This paper explores some experiences with video in Thailand and the Mekong region to draw lessons and reflections on the use of video in social science research and, in particular, in resource governance. It also poses some questions and ethical concerns about video technology as the format can lend itself to abuse. With digital video, it is as easy to show genuine scenes, as it is to move content and people out of context to serve certain interests and agendas.

The paper is structured in five parts. After this section one, the introduction, section two provides a brief background and literature review of the use of video in social science especially in the fields of anthropology and sociology. Section three briefly explains the use of video and some ideas about visual research, and why I think it’s useful to incorporate video, in particular as complementary to research.

Section four illustrates some of my video experiences from Thailand and the Mekong region, with some lessons and reflections as well as questions. For example, can video/visual research improve resource governance? Can the process of filming foster empowerment and participation? Or improve efforts to raise awareness on health and ecosystem related issues?  It also looks at some of the challenges both technological and practical. The last section five is on video politics and ethical concerns related to the use of video in research that explores how video is not a neutral technology and there are significant questions of simplification, power and control when used in research.[4]

For the full paper, please contact the author.

Thailand’s floods … aftermath

The floods are over. We have lived through Thailand’s worst floods in almost half a century. All of Oct and Nov we waited tensely for the floods to descend on our home on Bangkok. We bought and stocked up on provisions, moved things to the 2nd floor, sealed the house and moved to Rawin’s grandparents on 22 Oct. A few days later, the floods peaked and hit the outlying areas of Bangkok. In Nov, our house and surrounding areas were considered at risk.

After weeks of tense waiting, by mid-November, the waters finally came around and flooded the nearby roads and some of the streets of our house in Bangkok. It was perversely a relief to know that the waters were finally all around us. Our house remained dry. We have been more fortunate than most people in central Thailand and Bangkok. We are totally grateful for this.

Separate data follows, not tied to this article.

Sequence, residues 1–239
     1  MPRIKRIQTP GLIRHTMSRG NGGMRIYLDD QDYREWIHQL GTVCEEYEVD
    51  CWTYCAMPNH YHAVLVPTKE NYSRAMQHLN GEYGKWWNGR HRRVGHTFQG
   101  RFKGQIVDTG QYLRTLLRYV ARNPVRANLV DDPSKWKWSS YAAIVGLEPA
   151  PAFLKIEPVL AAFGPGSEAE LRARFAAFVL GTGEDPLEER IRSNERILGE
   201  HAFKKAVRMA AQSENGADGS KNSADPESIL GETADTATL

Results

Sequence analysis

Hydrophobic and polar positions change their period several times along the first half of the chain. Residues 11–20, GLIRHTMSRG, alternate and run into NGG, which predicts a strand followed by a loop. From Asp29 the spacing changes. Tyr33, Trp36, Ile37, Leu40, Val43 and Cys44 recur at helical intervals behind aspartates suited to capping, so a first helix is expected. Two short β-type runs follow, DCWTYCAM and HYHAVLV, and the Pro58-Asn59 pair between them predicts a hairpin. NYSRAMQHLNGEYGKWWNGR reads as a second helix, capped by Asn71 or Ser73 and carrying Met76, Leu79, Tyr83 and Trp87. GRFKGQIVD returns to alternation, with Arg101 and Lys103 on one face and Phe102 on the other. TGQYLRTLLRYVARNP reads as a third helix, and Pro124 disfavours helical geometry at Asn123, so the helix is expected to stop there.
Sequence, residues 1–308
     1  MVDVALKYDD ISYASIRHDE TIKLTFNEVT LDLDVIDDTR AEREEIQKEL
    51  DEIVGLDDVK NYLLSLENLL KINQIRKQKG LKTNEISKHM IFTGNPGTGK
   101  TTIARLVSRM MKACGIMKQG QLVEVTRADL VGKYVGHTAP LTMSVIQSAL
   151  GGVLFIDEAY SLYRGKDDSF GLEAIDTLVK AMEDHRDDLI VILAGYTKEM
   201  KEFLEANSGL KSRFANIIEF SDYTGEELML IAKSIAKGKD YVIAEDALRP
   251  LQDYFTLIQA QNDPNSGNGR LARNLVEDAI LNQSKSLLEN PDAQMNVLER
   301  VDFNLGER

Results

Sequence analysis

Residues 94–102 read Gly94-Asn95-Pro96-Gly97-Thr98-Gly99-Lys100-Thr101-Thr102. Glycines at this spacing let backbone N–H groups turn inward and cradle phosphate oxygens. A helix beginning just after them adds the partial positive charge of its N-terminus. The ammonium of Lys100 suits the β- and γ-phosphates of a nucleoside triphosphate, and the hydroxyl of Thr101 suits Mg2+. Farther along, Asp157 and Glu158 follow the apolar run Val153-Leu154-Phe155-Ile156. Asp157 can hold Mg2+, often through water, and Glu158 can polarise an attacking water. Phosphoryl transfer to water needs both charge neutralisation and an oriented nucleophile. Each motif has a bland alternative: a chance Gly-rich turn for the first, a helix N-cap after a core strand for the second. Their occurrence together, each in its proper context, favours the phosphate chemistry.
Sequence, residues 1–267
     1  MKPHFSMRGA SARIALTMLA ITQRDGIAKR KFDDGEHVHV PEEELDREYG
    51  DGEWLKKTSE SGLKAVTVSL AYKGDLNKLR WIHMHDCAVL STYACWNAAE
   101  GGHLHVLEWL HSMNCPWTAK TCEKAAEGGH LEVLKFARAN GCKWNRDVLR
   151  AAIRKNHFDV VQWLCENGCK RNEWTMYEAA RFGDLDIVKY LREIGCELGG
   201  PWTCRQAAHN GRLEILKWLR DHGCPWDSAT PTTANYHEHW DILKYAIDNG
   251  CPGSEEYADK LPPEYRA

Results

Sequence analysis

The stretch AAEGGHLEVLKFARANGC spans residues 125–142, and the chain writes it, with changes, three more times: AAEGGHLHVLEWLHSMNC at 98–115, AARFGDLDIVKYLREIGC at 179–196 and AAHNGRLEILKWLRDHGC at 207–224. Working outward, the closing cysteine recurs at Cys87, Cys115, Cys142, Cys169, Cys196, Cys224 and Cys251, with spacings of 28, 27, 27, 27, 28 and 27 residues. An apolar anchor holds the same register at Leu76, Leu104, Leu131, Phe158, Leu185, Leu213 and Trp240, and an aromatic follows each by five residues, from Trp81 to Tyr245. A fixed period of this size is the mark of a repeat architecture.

Now the floodwaters have finally decreased in many areas and people have been returning to their homes and fields to assess and repair the damage and try to return their lives to some semblance of normalcy.

Now, a look at what happened. Granted Bangkok and most of the central Thailand provinces that form a large floodplain do receive northern run-offs every year. As an ecological activist pointed out recently in a detailed presentation in Chiang Mai, floods happen every year. A number of provinces in the lower north and central Thailand suffer damage to crops, orchards and rice fields as well as homes and property. On occasion, some people are also swept away by fast-flowing rivers and lives are lost. And every year, the government doles out compensation to farmers and families. And life goes on … until the next year’s floods.

So in 2011 what was different? At least three major factors. One, the sheer volume of water was a lot higher than in the previous years. Two, this was because of a lot more rain: the 2nd monsoon rains usually lasts for several weeks in July/Aug but this year continued all throughout Sept aided by a couple of tropical storms. Last, the large volume of water did not all come from the rains, but 4 dams in the lower northern region stored then released their “excess storage” water around the same time that the northern run-off was reaching the central plains.

In a rare moment of political candour, the Agriculture Minister admitted that he had ordered the dams in the lower north to store water despite being in “excess” of capacity for irrigating rice fields in the central plains. When the rains did not stop, the 4 dams were forced to release a large volume of water suddenly and very late in Sept, rather than releasing smaller volumes starting from Aug, making the entire situation far worse than it could have been.

Then when the flood situation worsened, there came the complete and gross mismanagement of the disaster relief operations mainly featuring misleading information (and cover-up of the extent of flooding) and administrative quarrels and cock-ups.

Infighting among bureaucracies, and between the ruling Pheu Thai Party government’s Ministers and the Bangkok Metropolitan Authority (headed by an elected Governor from the opposition Democrat Party) – Petty quarrels continued on whether a letter had reached the relevant minister’s office or not, or about borders and administrative jurisdictions.

The lack of up-to-date information on the volume and timing of the flood waters and what often seemed to be a “people will cope with it as best as they can” attitude – Sometimes communities were assured they were completely safe, then suddenly given orders to “evacuate within 2-3 hours”.